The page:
Category Archives: Signage

What the heck is in that box?

My last entry ended on a phallic note. I had asked that you not think less of me and now I’m writing this post. Oh dear.

What kind of logo is this? Why is a man holding a box? I guess it’s because you put stuff in a box before putting it in a storage unit? Whatever the reason, it’s a poor concept…so poor…it IS the 99%.

Moving on to the obvious question: What is going on here, exactly? I don’t think one has to be perverse in order to wonder what the heck is inside that box. All I can think of is the iconic SNL digital short with Andy Samberg and Justin Timberlake. I won’t post the video or the title, I’m trying to keep this blog somewhat clean, but here’s an image from the video.

Can you guess what’s inside their boxes?

If we can go back to the logo, I’m also seeing two letter D’s as in double d’s. Look, I’m not trying to make this sexual, it’s just there!

Double D’s and a genitalia beckoning box, what does this have to do with a storage unit in Queens?

Do you see it? The arms make the D’s.

It’s kind of like one of those mom and pop gas stations in which one of the D’s in the logo is backwards for some inexplicable reason.

A designer shouldn’t have his mind in the gutter but he should be aware that many people do. If your designs can be easily turned into dirty humor, it’s probably not good for a brand image.

When it comes to a brand image, even if it’s something like storage units, clean professionalism is everything.

I had a professor in college who told a story of a student who designed a brand for a festival. I can’t remember where the festival was (my college had people from all over the world) but it was a grape festival. They called it the “Grape Fest” (creative name, huh?). This student wanted to give it an elegant look. I suspect he was inspired by something like a first edition classic book…you know how first letter of each chapter would be highly ornate? Anyway, the student’s presentation looked something like this:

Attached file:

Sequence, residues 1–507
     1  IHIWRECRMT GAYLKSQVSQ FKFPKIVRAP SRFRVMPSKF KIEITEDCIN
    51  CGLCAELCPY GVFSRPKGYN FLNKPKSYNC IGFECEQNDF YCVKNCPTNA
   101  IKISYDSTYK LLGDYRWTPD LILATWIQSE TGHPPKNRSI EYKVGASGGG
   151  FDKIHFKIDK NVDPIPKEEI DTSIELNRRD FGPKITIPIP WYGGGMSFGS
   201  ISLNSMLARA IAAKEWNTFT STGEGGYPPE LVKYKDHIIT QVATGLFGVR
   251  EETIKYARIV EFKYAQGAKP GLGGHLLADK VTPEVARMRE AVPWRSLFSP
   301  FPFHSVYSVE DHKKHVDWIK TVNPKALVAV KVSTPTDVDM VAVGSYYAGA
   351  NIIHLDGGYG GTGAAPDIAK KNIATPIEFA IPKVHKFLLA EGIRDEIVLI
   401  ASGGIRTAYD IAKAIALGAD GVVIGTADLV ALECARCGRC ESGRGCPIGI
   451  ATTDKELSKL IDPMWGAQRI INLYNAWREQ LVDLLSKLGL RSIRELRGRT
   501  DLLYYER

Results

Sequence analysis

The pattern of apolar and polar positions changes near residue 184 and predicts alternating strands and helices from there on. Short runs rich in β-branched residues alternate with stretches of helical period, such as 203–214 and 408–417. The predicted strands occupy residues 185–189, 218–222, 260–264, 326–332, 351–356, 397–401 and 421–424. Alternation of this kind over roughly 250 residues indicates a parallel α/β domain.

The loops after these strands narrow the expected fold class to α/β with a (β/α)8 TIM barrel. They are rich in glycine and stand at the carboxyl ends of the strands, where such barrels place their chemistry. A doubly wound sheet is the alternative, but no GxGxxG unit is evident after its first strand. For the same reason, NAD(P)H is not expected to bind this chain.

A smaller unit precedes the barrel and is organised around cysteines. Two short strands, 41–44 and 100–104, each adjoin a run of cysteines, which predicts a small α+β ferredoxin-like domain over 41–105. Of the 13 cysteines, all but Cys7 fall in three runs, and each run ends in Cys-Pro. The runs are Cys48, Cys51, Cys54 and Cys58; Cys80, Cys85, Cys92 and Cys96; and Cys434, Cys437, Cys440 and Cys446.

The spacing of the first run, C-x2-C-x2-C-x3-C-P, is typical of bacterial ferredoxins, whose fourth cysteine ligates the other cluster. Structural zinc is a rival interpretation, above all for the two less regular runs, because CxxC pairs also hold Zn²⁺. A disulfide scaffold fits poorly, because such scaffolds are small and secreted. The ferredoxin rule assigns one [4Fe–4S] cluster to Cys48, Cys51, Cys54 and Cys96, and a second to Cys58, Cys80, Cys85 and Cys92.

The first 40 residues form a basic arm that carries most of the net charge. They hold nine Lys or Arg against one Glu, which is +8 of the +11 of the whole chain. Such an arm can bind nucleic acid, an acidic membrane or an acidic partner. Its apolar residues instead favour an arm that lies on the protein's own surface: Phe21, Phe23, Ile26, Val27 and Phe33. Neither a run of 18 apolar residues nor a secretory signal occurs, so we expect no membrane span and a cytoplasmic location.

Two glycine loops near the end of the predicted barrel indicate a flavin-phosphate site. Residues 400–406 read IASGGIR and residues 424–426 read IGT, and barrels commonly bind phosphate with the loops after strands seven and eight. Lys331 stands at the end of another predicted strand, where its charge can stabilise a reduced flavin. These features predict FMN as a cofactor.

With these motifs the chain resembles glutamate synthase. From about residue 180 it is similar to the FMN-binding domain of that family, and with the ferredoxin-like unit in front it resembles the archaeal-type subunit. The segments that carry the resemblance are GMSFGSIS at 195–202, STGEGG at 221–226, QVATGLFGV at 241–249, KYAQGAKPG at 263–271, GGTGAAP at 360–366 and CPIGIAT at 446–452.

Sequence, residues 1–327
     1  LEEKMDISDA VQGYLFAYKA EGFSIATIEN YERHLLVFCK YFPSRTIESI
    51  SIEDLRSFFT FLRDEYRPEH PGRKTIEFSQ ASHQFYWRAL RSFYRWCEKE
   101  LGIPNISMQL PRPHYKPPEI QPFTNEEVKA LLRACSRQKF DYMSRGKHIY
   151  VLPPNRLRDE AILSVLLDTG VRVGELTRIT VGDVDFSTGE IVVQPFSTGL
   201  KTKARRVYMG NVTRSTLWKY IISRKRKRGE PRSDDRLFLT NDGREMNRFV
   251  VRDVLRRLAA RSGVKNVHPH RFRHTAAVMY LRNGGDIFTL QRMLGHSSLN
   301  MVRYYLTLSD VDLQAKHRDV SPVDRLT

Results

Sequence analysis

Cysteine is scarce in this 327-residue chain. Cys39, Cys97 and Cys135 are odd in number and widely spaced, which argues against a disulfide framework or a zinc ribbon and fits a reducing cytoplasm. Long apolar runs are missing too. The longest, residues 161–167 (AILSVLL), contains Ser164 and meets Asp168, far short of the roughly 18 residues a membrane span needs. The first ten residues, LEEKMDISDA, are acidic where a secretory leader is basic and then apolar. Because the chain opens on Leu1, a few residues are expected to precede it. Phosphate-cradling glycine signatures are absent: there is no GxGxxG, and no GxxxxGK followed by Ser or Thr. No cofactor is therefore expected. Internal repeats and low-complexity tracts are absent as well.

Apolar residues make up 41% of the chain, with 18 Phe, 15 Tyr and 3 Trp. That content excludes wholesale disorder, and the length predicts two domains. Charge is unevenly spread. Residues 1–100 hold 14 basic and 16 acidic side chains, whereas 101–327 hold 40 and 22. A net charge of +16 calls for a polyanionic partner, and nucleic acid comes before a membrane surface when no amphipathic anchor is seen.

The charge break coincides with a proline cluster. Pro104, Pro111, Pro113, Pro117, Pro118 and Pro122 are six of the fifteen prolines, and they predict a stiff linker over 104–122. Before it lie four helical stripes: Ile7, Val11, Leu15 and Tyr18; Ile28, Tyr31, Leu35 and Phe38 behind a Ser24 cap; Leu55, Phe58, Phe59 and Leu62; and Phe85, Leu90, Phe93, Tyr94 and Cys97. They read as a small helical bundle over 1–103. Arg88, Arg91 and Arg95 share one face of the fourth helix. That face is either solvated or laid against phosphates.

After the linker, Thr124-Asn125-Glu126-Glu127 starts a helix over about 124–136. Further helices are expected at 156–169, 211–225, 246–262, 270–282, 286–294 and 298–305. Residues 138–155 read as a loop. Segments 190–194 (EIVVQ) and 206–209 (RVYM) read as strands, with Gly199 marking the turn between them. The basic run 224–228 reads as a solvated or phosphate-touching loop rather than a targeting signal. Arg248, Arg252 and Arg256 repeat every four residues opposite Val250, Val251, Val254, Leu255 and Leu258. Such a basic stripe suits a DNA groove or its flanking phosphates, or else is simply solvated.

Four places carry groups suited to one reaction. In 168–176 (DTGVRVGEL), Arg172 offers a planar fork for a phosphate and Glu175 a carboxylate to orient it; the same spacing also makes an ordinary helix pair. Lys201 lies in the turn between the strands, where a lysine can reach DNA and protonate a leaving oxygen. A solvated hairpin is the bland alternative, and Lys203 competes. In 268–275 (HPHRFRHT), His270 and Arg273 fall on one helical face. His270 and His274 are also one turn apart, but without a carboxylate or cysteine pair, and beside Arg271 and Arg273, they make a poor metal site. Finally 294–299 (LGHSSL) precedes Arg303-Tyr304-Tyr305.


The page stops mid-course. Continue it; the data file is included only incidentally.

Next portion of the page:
Like I said, it’s important to be aware of how your designs can be perceived. This could have easily been highly, highly offensive!

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Filed under Advertising, Art, Branding, Critique, Graphic Design, Signage, Typography

Weird, hairy, abnormal growths of typography.

Big things have been happening on my blog. Because I am now advertising, the amount of traffic has more than quadrupled! Life is good.

If you’ll recall from an earlier post, I was in East Harlem the other day. I stumbled across one of the greatest atrocities that has ever happened to the world of typography.

Jokerman!…

I apologize for having such a poor quality photo, I had to use my phone. I wish I could go back and take a decent picture with my camera but…yeah…it’s night time right now. East Harlem is not the safest place to be at night! I could take my camera but “shooting someone” would have a very new meaning for me.

This is what it says though:

When I was in the 8th grade, my class spent a week in a sex ed class. At least, they claimed it was. Sex ed, is short for sex education. This usually entails educating about sex, right?

I’m not going to lie, I was pretty excited about the class. This was my initial reaction:

But it ended up more like this:

Scare tactics, that’s all it was. They tried to coerce abstinence by fear.

They showed us gruesome slides of STD’s. They never explained the benefits of abstinence. They never said that it would bring counterintuitive peace and simplicity. They just said, “Here’s a vagina with warts. Very painful warts! Do you want this, ladies? Then don’t have sex until you’re married. Here’s a penis that is turning black, fellas. It burns when he pees. Do you want this to happend to you? Then don’t have sex until you’re married.”

I’m going to shed a little light on my views (blogs are about transparency, after all). I am a big proponent of abstinence. But fear can not be the driving force. And you can’t coerce someone into being abstinent. If fear is your foundation, you’re going to fall…and you’re going to be uneducated on the subject. The stakes are high in that game.

If you’re wondering what in the heck this has to do with a laundromat sign: Jokerman is the STD slideshow of typography. It’s hideous. It’s scary. It doesn’t get the message across. It also looks like it has weird, hairy, abnormal growths.